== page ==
General Instrument MMH-321V Bare LED Die  
Written by AnubisTTP on 2007-05-02  


In 1979, Monsanto sold it's LED division to General Instrument, which continued to manufacture many Monsanto LED types under the General Instrument brand. These barely macroscopic components are individual LED dies used for manufacturing early LED displays like the Monsanto MAN-2. Like many bare semiconductor dies, these are truly tiny; each LED die is about three human hairs in width. Dies like this would have normally only been used internally by a display fabrication company, and were never intended to be sold to the general public. Multiple dies are attached to a conductive backing to form lines and characters, and an extremely fine bond wire is connected to the cross-shaped contact on the top of each die to complete the circuit.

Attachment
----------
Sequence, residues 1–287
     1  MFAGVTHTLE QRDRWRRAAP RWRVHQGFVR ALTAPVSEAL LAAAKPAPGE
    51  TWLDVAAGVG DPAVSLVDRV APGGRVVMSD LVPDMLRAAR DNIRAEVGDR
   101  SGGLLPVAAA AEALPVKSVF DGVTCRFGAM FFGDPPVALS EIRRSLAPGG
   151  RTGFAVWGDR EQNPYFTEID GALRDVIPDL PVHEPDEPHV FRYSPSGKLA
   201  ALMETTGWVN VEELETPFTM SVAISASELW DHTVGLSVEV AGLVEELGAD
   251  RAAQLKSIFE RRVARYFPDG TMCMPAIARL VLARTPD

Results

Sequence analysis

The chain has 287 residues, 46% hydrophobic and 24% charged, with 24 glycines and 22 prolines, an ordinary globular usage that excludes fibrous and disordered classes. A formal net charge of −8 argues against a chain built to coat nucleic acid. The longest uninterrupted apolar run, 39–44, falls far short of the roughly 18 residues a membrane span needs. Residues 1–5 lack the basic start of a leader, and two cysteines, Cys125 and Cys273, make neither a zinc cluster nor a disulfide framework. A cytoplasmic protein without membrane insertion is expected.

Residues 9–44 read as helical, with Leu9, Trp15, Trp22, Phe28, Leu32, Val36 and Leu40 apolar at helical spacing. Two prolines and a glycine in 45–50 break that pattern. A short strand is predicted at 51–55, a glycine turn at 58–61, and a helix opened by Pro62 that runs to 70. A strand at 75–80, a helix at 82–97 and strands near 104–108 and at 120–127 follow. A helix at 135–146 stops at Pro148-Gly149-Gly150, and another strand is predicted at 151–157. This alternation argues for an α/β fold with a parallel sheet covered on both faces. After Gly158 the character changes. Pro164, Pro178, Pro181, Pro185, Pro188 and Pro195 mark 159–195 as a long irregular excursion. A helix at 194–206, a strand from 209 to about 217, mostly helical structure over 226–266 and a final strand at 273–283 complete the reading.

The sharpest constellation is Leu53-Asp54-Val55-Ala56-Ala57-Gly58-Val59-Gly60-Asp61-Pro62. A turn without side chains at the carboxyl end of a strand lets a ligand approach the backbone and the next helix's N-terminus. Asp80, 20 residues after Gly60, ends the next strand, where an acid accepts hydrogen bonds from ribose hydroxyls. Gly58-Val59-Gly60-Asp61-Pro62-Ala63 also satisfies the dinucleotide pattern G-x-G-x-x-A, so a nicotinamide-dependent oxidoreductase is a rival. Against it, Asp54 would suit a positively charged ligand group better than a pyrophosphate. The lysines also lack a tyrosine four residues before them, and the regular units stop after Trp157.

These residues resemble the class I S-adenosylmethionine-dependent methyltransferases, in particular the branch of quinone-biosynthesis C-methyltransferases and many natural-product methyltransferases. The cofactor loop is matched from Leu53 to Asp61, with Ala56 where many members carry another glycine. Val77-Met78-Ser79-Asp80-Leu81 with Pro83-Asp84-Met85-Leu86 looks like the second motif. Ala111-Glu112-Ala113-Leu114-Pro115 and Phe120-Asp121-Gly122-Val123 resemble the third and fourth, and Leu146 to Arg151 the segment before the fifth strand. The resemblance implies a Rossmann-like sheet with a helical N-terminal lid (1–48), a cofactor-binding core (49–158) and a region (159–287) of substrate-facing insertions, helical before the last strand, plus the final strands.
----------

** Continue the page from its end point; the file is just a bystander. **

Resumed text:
Note that in the thumbnail photo, a single 321V die has been mounted in a test fixture so it can be activated and made visible. Loose MMH-321V dies are tiny specks of nothing that can barely be seen with the naked eye.


General Instrument MMH-321V bare diode die installed in a test fixture with power applied.

A selection of diode dies under 30X magnification.

MAN2A LED display, built by General Instruments, 40x magnification. The MAN2A made use of MMH-321V dies.

This factory vial contains 4580 individual dies, and an unspecified amount of cotton batting.

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